When asked whether he wanted Geingob to run uncontested for the top Swapo seat, Amunyela said Namibia is a free country but Team Hage wanted Geingob as president of Swapo.

    When asked whether he had received instructions from Geingob to campaign for him, Amunyela neither confirmed nor denied it, but said it was his right to openly campaign for his preferred candidate.


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    Food security still problematicFood security still problematicReliance on imports cripples independence Around 28% of Namibians cannot afford to buy food simply because of the cost of imports. The livestock and meat sector plays a critical role in economic growth and job creation in Namibia, and specifically in food security. However, the country is still very dependent on imports which can be risky for food security.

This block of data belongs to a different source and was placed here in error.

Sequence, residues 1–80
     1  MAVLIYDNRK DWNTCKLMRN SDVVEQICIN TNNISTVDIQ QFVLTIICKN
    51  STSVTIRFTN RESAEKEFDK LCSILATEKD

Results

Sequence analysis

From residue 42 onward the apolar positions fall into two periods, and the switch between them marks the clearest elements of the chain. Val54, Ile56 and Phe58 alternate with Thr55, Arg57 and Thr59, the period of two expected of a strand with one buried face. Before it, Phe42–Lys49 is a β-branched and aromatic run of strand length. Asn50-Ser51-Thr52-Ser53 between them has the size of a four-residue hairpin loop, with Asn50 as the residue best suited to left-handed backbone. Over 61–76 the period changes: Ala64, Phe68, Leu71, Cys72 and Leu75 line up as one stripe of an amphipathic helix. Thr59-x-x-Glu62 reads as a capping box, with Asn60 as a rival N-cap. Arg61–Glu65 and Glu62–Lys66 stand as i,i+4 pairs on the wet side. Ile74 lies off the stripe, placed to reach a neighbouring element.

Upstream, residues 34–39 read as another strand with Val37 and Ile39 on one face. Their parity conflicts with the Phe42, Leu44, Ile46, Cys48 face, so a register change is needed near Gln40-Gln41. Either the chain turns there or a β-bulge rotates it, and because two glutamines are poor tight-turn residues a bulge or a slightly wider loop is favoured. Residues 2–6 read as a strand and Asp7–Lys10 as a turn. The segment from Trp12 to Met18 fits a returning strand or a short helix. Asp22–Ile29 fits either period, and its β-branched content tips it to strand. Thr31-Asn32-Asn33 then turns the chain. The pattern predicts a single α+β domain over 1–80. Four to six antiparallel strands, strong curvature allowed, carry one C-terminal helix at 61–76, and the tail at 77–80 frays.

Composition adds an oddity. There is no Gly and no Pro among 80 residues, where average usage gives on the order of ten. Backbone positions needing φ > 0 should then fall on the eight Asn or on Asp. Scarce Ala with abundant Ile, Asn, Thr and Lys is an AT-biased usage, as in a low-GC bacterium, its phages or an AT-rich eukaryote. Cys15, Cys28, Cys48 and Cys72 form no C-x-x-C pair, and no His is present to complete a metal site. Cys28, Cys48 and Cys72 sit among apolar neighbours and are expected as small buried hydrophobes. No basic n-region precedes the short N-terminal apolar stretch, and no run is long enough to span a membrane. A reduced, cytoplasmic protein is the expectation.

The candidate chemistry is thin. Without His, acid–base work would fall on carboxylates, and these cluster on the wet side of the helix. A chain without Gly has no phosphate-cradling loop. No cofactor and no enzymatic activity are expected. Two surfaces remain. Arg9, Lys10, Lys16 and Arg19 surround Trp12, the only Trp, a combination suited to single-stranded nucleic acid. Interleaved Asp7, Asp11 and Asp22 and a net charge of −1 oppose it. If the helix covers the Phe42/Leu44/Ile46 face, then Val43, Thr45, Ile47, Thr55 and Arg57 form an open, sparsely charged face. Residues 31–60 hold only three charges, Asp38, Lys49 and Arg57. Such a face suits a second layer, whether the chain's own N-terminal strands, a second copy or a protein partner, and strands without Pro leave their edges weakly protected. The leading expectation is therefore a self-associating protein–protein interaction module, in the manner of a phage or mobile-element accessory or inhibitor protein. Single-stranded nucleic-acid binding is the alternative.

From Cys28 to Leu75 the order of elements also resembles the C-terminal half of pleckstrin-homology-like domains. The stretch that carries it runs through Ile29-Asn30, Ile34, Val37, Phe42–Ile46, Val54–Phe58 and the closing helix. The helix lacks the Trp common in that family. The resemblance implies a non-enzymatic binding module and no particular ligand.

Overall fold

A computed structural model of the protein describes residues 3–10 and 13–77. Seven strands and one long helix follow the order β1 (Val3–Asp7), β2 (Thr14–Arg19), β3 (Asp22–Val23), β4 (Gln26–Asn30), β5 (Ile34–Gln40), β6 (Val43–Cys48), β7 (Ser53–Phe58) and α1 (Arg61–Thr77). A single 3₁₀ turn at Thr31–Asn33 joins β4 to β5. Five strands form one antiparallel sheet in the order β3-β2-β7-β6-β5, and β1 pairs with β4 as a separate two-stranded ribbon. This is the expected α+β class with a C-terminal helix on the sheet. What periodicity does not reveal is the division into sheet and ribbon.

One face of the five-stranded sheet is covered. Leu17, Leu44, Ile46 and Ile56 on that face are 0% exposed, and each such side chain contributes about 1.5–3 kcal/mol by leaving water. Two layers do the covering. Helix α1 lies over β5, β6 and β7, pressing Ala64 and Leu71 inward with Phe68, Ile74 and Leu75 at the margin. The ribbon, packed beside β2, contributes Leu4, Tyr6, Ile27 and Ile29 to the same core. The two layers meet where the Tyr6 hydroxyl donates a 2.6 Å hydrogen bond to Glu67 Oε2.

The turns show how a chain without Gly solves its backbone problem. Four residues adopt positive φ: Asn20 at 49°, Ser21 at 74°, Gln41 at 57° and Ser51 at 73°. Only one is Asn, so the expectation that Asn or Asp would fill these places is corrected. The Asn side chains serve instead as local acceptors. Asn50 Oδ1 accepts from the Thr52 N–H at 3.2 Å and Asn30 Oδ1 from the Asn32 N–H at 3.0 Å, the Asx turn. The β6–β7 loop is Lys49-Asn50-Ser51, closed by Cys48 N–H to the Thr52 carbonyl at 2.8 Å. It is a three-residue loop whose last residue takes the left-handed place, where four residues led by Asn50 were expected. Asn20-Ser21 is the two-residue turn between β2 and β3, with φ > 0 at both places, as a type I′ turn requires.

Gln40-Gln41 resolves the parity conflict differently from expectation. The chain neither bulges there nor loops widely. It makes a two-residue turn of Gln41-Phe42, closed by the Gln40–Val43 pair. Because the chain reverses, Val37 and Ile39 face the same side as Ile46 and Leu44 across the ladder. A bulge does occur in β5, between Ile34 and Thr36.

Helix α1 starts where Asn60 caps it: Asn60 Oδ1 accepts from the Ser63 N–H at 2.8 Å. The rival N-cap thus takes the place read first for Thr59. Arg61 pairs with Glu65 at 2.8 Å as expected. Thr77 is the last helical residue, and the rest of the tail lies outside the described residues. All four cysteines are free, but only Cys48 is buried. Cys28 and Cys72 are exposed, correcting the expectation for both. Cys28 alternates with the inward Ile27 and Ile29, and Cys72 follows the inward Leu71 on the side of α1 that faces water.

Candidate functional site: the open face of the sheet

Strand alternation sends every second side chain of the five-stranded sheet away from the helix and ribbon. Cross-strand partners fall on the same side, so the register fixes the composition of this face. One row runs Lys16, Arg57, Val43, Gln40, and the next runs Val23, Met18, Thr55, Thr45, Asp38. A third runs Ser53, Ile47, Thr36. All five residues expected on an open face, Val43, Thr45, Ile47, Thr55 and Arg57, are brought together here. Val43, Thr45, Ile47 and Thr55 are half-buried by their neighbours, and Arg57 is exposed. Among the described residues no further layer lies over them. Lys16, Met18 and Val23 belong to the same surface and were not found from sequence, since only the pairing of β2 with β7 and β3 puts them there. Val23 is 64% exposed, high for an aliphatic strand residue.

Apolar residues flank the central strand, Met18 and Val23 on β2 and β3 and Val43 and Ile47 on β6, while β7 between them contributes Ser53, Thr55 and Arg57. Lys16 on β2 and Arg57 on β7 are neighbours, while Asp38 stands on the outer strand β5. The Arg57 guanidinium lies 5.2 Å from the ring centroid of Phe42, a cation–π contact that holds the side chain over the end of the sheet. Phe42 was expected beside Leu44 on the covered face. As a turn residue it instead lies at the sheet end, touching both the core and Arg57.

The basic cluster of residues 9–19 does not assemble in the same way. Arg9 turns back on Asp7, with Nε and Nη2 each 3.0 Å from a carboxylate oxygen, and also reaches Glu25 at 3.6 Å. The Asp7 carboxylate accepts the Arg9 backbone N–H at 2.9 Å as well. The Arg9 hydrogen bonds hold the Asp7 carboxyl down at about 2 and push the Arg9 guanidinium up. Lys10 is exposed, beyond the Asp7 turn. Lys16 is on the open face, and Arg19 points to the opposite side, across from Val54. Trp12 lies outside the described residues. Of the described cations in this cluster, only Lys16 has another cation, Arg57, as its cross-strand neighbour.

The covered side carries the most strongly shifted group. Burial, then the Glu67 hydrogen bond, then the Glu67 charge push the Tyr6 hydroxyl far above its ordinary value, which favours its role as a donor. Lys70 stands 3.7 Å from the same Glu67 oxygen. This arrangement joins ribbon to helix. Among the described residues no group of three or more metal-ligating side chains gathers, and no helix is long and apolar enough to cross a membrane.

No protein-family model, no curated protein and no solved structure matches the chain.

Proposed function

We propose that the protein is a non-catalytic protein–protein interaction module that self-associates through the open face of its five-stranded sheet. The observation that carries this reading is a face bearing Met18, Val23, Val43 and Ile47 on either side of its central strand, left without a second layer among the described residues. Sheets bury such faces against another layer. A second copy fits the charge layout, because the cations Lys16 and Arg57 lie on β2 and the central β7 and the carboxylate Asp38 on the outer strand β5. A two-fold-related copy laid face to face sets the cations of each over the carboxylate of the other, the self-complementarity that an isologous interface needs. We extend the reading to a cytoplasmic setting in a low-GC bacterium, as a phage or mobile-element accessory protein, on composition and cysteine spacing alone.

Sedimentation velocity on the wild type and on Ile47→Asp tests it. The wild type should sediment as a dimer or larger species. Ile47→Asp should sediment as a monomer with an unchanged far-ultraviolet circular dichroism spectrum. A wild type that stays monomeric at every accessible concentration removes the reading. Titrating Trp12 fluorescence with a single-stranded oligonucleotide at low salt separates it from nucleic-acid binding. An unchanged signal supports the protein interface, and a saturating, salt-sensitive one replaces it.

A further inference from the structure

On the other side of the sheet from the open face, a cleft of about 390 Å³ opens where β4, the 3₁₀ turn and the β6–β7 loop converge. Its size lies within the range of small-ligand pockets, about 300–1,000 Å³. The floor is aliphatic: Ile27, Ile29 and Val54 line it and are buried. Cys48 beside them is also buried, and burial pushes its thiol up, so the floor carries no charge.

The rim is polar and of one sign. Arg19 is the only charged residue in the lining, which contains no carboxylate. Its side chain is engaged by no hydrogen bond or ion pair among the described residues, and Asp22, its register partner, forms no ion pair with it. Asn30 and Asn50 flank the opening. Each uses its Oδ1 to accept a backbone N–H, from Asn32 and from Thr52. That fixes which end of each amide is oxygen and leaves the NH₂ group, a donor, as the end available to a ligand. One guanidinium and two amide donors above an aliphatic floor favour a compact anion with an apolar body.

The commercial farming sector, which is mainly based on livestock farming, is considered to be the largest source of private employment in the country, providing jobs to 25 000 to 30 000 workers.

    This is according to Dr John Purchase, the CEO of the Agricultural Business Chamber in South Africa, who spoke about food security and the contribution of the livestock sector at the congress of the Livestock Producers' Organisation of Namibia.

    Referring to last year's World Food Report, Purchase said Namibia is classified as an upper-middle-income country and between 2000 and 2015 Namibia saw sustained economic growth.

    However, rapid urbanisation and persistently high unemployment rates - at 34% of the total labour force, affecting mostly young people and women - have contributed to a growing number of poor people lacking access to food and basic social services. In 2016 the poverty rate stood at 18%.